Resource-based strategic planning proposes that a firm can gain sustainable competitive advantage through the development and harnessing of its intangible assets, notably its organisational capabilities, knowledge, expertise, skills and experience that enable the firm or practice group to frame and pursue strategic objectives. For the last couple of decades, the expression “core competence” has been used to describe a firm’s (and its lawyers’) activities, abilities and talents that allow them to perform at least the same level as their competitors or – preferably – at a superior level.
However, the term “core competence” has lost much of its resonance through over-use and nowadays seems to imply little more than that the firm is able to perform competently. Just being adequate may not be enough for future success, so it is worth reminding ourselves of the three vital attributes that make up a firm’s core competence.
- Core Competence must imply sustainable value. The first attribute is that the holy grail of strategy is the gaining of sustainable competitive advantage. Nothing is for ever, and no competitive advantage can last infinitely. However, sustainability implies a long term game and accordingly the development of skills and capabilities within a law firm needs to be focussed not just on this year’s performance, this year’s compensation or this year’s short-term objectives, but on a longer term view of the competitive landscape. Very few law firms seem to be focussed on value creation, but it is worth remembering that any ‘open-market’ valuation of a professional service firm is based on at least a five year forward view of the firm’s expected profit line. It is well worth pursing the same features that would ensure that the market would find your firm valuable, even where the firm’s ownership and succession strategy remains internal.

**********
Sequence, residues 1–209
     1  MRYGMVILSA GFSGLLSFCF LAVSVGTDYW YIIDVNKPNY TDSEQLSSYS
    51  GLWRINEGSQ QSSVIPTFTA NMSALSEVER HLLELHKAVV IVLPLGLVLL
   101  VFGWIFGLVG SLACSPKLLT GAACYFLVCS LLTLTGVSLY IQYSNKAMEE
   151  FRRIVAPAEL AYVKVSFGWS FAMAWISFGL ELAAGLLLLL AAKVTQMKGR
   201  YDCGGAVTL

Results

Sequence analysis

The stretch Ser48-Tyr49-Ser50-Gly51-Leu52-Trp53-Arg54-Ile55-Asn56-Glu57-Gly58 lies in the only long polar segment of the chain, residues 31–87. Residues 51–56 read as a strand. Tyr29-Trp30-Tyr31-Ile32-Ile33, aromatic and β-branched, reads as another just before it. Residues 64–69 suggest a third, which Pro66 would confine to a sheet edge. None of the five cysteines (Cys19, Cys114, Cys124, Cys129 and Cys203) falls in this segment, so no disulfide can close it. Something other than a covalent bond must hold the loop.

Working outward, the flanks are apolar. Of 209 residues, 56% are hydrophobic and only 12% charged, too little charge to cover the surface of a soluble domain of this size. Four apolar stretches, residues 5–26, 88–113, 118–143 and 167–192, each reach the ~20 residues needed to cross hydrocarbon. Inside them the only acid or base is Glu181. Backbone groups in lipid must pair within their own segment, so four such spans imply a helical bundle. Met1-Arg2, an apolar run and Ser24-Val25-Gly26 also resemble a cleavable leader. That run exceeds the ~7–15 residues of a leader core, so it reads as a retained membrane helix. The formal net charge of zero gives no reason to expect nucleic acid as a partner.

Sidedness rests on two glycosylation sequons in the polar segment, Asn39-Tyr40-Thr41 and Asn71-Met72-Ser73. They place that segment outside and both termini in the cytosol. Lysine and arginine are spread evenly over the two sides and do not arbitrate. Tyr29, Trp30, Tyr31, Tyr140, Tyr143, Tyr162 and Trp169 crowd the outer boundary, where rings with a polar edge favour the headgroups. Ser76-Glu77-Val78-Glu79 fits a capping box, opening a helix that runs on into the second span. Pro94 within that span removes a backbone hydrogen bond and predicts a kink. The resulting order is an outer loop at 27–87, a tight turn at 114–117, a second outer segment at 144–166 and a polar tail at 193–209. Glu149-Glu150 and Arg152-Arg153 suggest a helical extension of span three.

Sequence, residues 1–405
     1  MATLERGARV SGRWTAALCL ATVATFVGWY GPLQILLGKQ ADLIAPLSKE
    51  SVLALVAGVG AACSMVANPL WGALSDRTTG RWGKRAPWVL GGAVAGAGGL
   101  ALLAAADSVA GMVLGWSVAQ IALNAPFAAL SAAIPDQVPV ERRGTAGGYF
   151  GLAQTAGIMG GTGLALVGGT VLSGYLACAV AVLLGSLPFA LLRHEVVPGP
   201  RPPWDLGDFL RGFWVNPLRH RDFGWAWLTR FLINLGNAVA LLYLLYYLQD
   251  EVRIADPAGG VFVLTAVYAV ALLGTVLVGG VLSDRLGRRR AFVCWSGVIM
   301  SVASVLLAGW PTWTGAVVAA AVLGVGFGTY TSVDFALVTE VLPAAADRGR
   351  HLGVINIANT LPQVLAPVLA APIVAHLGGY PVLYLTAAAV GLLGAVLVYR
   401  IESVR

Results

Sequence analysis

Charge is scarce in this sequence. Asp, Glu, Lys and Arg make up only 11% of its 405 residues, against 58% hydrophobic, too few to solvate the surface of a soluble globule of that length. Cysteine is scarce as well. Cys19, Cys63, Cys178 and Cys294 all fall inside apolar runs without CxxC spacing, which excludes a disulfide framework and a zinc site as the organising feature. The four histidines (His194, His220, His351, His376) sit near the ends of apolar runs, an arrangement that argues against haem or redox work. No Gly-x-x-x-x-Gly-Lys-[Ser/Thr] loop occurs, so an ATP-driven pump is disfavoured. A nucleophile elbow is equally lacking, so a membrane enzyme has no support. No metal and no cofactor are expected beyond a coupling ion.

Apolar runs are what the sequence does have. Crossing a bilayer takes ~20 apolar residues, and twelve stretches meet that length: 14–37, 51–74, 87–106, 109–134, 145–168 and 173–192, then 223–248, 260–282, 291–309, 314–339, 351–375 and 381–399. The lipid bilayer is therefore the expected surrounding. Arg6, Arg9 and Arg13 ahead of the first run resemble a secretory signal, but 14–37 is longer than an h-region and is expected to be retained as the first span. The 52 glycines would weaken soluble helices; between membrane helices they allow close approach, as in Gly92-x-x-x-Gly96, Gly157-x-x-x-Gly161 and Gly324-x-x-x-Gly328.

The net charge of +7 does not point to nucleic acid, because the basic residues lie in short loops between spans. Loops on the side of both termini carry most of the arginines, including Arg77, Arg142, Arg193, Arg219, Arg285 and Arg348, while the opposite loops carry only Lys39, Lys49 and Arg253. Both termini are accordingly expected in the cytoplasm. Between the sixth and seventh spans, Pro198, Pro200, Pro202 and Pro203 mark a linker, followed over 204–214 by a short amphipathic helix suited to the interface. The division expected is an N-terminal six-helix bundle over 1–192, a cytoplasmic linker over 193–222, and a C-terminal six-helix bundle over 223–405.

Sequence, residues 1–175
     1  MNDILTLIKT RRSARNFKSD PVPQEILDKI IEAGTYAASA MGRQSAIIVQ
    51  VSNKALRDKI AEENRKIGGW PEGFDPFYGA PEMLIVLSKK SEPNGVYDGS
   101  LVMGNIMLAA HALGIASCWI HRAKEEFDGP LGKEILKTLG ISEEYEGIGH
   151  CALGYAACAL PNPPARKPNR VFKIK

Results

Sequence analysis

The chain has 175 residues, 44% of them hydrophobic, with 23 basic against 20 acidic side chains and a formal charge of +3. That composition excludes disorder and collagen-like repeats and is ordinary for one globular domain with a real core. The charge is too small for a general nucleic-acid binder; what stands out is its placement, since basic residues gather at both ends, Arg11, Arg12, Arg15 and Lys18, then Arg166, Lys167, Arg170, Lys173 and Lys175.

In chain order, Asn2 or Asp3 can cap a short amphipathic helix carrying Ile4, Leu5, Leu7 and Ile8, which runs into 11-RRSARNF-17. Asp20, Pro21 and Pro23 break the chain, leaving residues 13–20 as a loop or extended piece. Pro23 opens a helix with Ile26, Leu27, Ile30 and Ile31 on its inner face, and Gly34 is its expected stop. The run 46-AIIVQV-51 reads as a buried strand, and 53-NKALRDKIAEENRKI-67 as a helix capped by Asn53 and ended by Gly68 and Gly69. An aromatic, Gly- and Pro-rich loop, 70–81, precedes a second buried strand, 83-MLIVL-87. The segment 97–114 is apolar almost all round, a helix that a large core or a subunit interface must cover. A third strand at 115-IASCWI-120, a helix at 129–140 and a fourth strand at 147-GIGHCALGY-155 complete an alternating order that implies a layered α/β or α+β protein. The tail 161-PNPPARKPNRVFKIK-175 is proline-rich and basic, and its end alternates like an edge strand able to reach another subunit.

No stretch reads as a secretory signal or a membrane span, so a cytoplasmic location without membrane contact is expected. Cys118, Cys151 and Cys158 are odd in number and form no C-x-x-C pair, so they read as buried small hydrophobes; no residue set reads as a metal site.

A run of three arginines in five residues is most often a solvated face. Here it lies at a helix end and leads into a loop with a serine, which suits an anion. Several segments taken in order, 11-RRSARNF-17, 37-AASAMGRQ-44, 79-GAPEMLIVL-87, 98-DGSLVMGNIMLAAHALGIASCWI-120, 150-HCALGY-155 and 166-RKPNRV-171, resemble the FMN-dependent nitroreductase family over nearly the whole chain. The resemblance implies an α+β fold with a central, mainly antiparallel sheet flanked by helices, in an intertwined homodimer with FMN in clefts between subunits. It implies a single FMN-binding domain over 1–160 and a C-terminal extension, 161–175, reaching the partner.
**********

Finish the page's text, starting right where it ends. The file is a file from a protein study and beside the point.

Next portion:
- Core competence should enable a firm to outperform its rivals. The second attribute or core competence is that it ought to allow the firm to distinguish itself from its rivals and to outperform them. In a professional sector containing many look-alike firms, being the only show in town is difficult to achieve, but many firms have found that their specialist skills, tailored solutions, and know-how resources have enabled them to become preeminent in their chosen fields of operations.
- Core Competence must have Strategic Importance. The third element of core competence is that the capabilities should be strategically valuable, not just for value creation and enhancement and not only to enable the firm to become and remain competitive. In brief, core competences should help the firm with its recruitment, retention and succession strategies, should enhance the firm’s brand and reputation and should enable the firm to pursue and gain better and more profitable clients.
Hence, the expression ‘core competence’ is not just synonymous with general skills, but is both broader and deeper, encompassing such words as knowledge, talents, specialisms, distinctiveness and competitive capabilities. It is well worth asking the question “what makes our firm so special that clients will readily engage us in preference to our rivals?”